U.S. President Barack Obama delivers a statement on the recent airstrikes against ISIS on the South Lawn of the White House on Sept. 23, 2014 in Washington, DC. Photo by Win McNamee/Getty Images

Monday, September 22, 2014

  • What’s the worst-case scenario if Ebola can’t be slowed?
    In Liberia, the total number of cases of the Ebola virus is being doubled about every three weeks. Dr. Kevin De Cock, the director of the CDC Center for Global Health, says that unless the outbreak is slowed down, there may be hundreds of thousands of cases by early next year. Jeffrey Brown interviewed him in Nairobi, Kenya, about possible worst-case scenarios.
    Original Air Date: September 22, 2014
  • How Nigeria has succeeded in containing Ebola
    The Ebola virus has so far killed more than 2,800 people in West Africa, with the majority of deaths in Liberia, Guinea and Sierra Leone. But nearby Nigeria has been able to spread its message about the disease -- what it is, where to report it, how to prevent it -- with more success. Special correspondent Fred de Sam Lazaro reports from Lagos.
    Original Air Date: September 22, 2014
  • Will Afghanistan’s power-sharing deal last?
    After more than a year, two rounds of voting and a bitterly contested audit of votes, Ashraf Ghani has been named president-elect, while his opponent, Abdullah Abdullah, has agreed to share power, presumably in a newly created executive CEO position. Judy Woodruff speaks with NPR’s Sean Carberry from Kabul for details of the deal and what it means for the United States.
    Original Air Date: September 22, 2014
  • Political flip-flops in the Sunshine State’s gov. race
    Charlie Crist, the former Florida governor and a former Republican, is hoping to win another term after switching parties. The incumbent, Gov. Rick Scott, has switched his campaign emphasis from conservative tax cuts to spending more on programs like education. Special correspondent Steve Mort reports on how voters are reacting to both candidates.
    Original Air Date: September 22, 2014
    Gov. Rick Scott refused to take the stage for eight minutes during Wednesday's Florida gubernatorial debate, due to his opponent, former Gov. Charlie Crist, using an electric fan at his podium.
  • Syrian opposition leader discusses U.S. aid and training
    President Obama has approved $500 million to train and arm the Free Syrian Army fight Islamic State forces, but senior military leaders have said it could take up to a year to train the first fighters. Margaret Warner sits down with Hadi al-Bahra, head of the principal political opposition group in Syria, ahead of his address to the United Nations General Assembly.
    Original Air Date: September 22, 2014
  • What’s the financial case for divesting from fossil fuels?
    Sixty-seven foundations with $50 billion in assets have so far pledged to divest their investments in fossil fuels over the next five years. Gwen Ifill sits down with Jenna Nicholas of Divest-Invest Philanthropy, who advised the foundations, to discuss the financial and social ramifications of this environmental campaign.
    Original Air Date: September 22, 2014
    Climate Change Activists Demonstrate On Wall Street
  • Syrian opposition chief: U.S. assistance against Assad
    The president of the Syrian National Coalition told Margaret Warner this morning his fighters will use those stepped-up resources against President Bashar Assad's government forces, not just the Islamic State extremists that the US is targeting.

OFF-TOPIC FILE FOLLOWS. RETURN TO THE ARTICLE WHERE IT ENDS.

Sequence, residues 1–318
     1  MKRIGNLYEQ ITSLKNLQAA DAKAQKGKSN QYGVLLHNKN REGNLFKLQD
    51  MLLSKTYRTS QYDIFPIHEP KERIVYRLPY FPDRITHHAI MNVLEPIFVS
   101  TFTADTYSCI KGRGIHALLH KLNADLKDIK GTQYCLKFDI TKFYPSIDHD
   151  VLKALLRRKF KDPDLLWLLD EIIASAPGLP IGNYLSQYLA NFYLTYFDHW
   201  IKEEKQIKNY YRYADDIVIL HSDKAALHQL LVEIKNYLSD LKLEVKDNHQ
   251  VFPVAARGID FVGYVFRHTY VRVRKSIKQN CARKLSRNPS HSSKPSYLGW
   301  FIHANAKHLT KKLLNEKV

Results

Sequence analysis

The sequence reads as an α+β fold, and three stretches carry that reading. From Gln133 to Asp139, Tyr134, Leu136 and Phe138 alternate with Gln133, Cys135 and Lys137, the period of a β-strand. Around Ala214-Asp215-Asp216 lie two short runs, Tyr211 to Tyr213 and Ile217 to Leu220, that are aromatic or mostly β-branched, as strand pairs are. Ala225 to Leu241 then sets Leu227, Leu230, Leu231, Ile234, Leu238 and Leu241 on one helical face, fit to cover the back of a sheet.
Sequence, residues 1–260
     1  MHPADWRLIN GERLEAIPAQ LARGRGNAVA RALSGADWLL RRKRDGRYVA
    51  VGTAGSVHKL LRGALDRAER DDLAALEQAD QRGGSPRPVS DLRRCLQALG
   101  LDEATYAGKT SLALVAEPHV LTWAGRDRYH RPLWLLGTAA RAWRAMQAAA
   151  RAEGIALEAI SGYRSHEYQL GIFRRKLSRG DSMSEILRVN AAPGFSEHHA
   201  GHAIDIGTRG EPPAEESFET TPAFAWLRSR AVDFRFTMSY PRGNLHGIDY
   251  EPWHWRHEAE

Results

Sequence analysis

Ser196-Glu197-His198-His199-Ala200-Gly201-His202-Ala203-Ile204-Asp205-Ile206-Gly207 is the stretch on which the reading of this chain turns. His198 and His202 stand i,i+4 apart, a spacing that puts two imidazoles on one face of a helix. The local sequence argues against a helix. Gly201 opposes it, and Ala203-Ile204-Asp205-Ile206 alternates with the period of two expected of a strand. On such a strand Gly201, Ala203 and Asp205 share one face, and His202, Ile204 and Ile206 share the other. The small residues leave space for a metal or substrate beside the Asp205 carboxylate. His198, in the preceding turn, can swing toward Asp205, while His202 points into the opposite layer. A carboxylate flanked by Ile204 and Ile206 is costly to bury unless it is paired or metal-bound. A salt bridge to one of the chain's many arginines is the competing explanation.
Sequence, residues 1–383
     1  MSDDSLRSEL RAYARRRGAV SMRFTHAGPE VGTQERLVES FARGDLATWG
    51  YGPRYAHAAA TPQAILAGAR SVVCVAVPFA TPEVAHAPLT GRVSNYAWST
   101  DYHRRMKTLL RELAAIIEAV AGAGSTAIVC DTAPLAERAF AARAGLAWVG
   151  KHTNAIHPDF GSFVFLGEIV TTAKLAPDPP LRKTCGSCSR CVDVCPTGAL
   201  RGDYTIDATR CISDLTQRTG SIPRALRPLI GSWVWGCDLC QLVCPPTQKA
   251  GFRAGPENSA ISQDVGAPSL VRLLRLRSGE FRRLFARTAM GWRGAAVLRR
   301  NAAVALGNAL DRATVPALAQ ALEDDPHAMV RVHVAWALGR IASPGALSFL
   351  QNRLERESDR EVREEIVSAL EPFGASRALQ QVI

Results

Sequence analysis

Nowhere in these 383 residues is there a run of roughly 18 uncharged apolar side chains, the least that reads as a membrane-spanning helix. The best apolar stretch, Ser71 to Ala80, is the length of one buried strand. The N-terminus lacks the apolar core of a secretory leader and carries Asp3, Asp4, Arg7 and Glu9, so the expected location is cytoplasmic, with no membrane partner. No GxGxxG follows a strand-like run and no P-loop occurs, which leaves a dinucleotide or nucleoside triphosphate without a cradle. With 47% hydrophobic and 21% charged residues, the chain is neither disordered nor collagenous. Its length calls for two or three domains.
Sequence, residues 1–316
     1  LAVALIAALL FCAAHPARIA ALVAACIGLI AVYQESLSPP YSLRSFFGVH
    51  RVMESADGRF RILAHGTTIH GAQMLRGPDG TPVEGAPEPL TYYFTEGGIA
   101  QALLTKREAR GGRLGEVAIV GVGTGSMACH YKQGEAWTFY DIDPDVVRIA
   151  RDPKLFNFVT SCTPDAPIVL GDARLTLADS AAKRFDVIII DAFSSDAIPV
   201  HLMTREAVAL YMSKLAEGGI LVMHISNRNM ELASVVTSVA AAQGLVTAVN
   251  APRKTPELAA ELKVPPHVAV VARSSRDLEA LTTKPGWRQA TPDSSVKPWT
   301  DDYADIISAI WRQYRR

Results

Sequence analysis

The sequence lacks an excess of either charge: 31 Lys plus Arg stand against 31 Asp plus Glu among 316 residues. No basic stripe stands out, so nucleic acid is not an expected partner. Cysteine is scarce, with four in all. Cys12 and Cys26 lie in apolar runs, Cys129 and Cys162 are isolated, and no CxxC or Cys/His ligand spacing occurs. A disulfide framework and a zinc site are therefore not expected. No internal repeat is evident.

Original Air Date: September 22, 2014
    Photo by NewsHour

Sunday, September 21, 2014

  • People's Climate March turnout shows people want action
    With the turnout for Sunday's People's Climate March in New York City exceeding organizers' expectations, experts say the message is clear: A wide range of people want governmental action on global warming. Katherine Bagley, a reporter with InsideClimate News, joins Hari Sreenivasan.
    Original Air Date: September 21, 2014
    Science Stands created a large, rolling fake chalkboard illustrating the scientific evidence of global warming for the Sept. 21 People's Climate March. Credit: Carey Reed/NewsHourWeekend
  • Man on Mars?NASA's Maven spacecraft explores the possibility
    The Nasa Maven spacecraft is expected to complete a 10-month voyage to Mars on Sunday. Once in orbit, NASA scientists will gather information about the Red Planet’s atmosphere. Information that will hopefully offer clues about Earth’s climate and the future possibility of man landing on Mars. The NewsHour’s Miles O’Brien talks about the mission’s significance with Hari Sreenivasan.
    Original Air Date: September 21, 2014

Saturday, September 20, 2014

  • Should pro athletes be considered role models?
    By a two-to-one margin, Americans disapprove of the way the NFL has handled domestic violence incidents involving its players, according to a poll conducted by ABC News and Marist college. The NewsHour's Student Reporting Labs team asked high school students if professional athletes should be considered role models.
    Original Air Date: September 20, 2014
    Screen shot 2014-09-20 at 6.43.07 PM
  • How will NFL move forward from domestic violence scandal?
    NFL Commissioner Roger Goodell took the heat for the Ray Rice incident at a Friday press conference, but amid mounting public pressure to answer for the multiple accusations of domestic-violence incidents that have spread throughout the league, how will it's officials move forward? Kevin Clark of The Wall Street Journal joins Hari Sreenivasan.
    Original Air Date: September 20, 2014
    Green Bay Packers v Seattle Seahawks
  • After Home Depot breach, why can't hackers be stopped?
    After hackers stole customer data from the Home Depot weeks ago, questions still remain as to why retail stores can't protect their systems from cyber theft. Mike Riley, a reporter with Bloomberg, joins Hari Sreenivasan.
    Original Air Date: September 20, 2014
  • Promising Roma crackdown, far-right party grows in Hungary
    Over ten million gypsy, or Roma, people live in Europe today. In the small EU nation of Hungary, a rising tide of right-wing politics has led to deepening tensions with the country's Roma minority. NewsHour's Stephen Fee reports.
    Original Air Date: September 20, 2014